Thursday, January 1, 2009

SF authors born 1874-83: 1883

1. Edwin Balmer
2. Sax Rohmer
3. John Taine (Eric Temple Bell)
4. Aleksey Nikolayevich Tolstoy


Edwin Balmer (1883-1959)

Edwin Balmer (Chicago) was an American science fiction and mystery writer. He was editor of Red Book (1927-49). He wrote many short stories and plays and also wrote for motion pictures.

In addition to other novels, together with author Philip Gordon Wylie, he wrote the catastrophe novels When Worlds Collide and After Worlds Collide. Balmer also helped create (with artist Marvin Bradley) the syndicated comic strip Speed Spaulding, partially based on the Worlds Collide series, which ran from 1938 through 1941 in the comic book Famous Funnies.

* Flying Death (New York: Dodd, Mead & Company, 1927)

* Co-authored When Worlds Collide (1934)

* Co-authored After Worlds Collide (1935)



Sax Rohmer (1883-1959)

Author of the Fu Manchu thrillers. More TK.

* The Day the World Ended (Cassell: London, 1930; Doubleday, Doran, for the Crime Club: Garden City, NY, 1930). Originally in Colliers (May 4—July 20, 1929). Three men — Lonergan, of the American secret service; Gaston Max, a top French police detective; and Brian Woodville, British journalist and soldier of fortune — are on the track of the beautiful, enigmatic Me. Yburg. Because she seems to be connected to strange events: radio silence in the USA, man-bats and vampirism in the Black Forest; the sudden death of every human and animal in a small French village. They track her to a haunted German castle patrolled by seven-foot-tall armored giants, who turn out to be androids. More TK.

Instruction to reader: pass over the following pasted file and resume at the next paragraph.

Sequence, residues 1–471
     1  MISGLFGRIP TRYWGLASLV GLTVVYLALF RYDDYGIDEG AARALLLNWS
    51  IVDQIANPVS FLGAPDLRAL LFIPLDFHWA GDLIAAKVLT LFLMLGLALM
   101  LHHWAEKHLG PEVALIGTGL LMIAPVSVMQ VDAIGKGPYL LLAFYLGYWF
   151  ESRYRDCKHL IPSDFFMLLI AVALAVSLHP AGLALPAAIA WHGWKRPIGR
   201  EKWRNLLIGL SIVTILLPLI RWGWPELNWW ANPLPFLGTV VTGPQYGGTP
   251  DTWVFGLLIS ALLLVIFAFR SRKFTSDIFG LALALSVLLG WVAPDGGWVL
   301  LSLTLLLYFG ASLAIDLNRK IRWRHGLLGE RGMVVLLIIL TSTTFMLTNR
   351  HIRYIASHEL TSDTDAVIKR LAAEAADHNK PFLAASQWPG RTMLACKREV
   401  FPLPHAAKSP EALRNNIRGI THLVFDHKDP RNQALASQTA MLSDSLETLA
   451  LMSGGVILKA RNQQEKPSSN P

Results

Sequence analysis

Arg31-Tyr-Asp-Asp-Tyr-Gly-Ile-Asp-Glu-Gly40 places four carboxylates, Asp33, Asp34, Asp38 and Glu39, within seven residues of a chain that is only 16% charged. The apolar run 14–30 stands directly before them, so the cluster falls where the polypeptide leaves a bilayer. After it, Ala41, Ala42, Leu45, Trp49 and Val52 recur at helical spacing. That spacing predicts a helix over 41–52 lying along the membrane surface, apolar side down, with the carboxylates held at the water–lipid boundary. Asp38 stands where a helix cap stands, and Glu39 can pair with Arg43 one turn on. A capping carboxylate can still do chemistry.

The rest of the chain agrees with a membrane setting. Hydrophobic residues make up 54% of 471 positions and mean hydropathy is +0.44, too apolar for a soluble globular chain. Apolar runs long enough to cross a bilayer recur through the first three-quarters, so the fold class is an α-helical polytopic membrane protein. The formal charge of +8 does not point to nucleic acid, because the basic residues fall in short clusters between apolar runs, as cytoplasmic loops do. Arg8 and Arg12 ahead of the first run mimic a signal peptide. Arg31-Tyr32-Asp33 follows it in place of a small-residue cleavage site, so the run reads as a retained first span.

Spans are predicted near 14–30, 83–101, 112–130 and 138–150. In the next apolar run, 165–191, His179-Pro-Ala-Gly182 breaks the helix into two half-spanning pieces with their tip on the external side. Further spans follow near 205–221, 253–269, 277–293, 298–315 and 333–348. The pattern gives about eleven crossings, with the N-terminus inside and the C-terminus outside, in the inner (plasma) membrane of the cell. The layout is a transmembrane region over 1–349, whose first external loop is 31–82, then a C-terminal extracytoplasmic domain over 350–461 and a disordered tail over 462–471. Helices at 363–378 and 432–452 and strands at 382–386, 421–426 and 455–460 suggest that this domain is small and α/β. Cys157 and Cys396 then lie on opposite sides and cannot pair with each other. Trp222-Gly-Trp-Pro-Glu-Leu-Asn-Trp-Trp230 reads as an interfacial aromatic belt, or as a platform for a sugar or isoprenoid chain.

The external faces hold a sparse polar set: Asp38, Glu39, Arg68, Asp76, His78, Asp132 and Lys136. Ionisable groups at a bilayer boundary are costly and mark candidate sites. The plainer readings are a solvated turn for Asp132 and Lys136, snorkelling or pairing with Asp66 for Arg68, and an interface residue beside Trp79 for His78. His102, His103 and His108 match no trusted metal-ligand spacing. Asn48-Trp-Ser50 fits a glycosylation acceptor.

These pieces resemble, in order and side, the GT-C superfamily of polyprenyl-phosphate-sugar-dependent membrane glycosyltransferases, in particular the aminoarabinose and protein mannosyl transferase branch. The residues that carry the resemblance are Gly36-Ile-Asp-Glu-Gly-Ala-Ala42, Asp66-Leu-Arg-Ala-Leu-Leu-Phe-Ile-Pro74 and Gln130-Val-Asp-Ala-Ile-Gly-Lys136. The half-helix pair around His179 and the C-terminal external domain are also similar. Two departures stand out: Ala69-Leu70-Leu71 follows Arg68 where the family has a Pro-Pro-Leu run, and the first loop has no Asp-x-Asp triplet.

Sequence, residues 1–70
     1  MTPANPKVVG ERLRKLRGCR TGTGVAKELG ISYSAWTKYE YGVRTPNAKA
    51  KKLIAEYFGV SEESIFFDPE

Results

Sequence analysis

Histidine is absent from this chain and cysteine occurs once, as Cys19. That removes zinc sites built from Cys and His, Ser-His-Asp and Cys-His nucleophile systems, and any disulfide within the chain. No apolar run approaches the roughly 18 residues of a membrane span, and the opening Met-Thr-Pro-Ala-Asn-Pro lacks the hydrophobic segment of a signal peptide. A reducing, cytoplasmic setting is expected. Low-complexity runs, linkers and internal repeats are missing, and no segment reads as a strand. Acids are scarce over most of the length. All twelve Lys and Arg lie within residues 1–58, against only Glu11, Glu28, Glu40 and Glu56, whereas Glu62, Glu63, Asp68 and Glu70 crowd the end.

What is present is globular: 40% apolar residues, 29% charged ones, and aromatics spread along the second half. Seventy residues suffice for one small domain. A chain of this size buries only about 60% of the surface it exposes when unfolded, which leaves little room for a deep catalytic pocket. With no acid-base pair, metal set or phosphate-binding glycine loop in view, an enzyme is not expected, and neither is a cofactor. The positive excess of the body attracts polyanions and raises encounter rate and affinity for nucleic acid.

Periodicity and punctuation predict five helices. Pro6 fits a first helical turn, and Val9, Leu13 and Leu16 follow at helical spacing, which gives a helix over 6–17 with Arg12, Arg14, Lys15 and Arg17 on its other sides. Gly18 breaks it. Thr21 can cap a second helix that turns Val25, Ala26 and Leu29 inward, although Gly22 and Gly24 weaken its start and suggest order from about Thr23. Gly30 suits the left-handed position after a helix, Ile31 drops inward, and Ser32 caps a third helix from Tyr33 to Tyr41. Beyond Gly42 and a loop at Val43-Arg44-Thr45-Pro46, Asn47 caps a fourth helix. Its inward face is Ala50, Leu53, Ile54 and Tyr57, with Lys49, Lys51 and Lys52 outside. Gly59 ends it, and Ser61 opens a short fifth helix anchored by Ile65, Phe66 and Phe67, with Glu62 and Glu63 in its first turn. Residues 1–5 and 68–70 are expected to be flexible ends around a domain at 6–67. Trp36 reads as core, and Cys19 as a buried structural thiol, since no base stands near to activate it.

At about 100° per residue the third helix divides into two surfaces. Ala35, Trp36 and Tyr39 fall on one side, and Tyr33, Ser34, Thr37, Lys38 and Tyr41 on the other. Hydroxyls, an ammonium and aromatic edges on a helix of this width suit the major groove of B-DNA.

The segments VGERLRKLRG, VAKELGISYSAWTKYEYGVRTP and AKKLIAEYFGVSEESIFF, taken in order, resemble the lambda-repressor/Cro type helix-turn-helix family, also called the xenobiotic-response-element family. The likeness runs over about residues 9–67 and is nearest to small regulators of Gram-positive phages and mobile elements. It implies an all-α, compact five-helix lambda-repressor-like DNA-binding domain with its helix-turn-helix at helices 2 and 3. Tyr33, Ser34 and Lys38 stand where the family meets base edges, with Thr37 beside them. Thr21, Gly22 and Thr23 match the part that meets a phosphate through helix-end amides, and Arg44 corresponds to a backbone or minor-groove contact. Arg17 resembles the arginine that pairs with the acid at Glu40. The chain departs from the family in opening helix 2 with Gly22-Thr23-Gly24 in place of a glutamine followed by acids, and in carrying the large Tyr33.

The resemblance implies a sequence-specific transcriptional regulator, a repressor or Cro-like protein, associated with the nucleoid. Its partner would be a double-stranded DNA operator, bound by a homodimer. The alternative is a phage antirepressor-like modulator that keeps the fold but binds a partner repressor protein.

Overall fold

* More TK


John Taine (Eric Temple Bell) (1883-1960)

Eric Temple Bell (Scotland) was a mathematician and science fiction author born in Scotland who lived in the U.S. for most of his life. He published his non-fiction under his given name and his fiction as John Taine.

He was influenced by a mathematician of rare distinction, E.M. Langley, and later became a research mathematician. He went to the US in 1902. Bell attended Stanford University and Columbia University (where he was a student of Cassius Jackson Keyser [note below] and was on the faculty first at the University of Washington and later at the California Institute of Technology. He did research in number theory; see in particular Bell series. He attempted — not altogether successfully — to make the traditional umbral calculus (understood at that time to be the same thing as the "symbolic method" of Blissard) logically rigorous. He also did much work using generating functions, treated as formal power series, without concern for convergence. He is the eponym of the Bell polynomials and the Bell numbers of combinatorics. In 1924 he was awarded the Bôcher Memorial Prize for his work in mathematical analysis.

NB: Keyser was one of the first Americans to appreciate the new directions in the foundation of mathematics, heralded by the work of Europeans such as Dedekind, Georg Cantor, Peano, Henri Poincare, Hilbert, Zermelo, Bertrand Russell, and A. N. Whitehead. He was also one of the first to appreciate the mathematical and philosophical importance of his fellow American Charles Peirce. Alfred Korzybski, founder of general semantics, named Keyser as a major influence. While at Columbia, Keyser supervised only three PhDs, but they all proved quite consequential: Eric Temple Bell, the logician Emil Post, and Edward Kasner.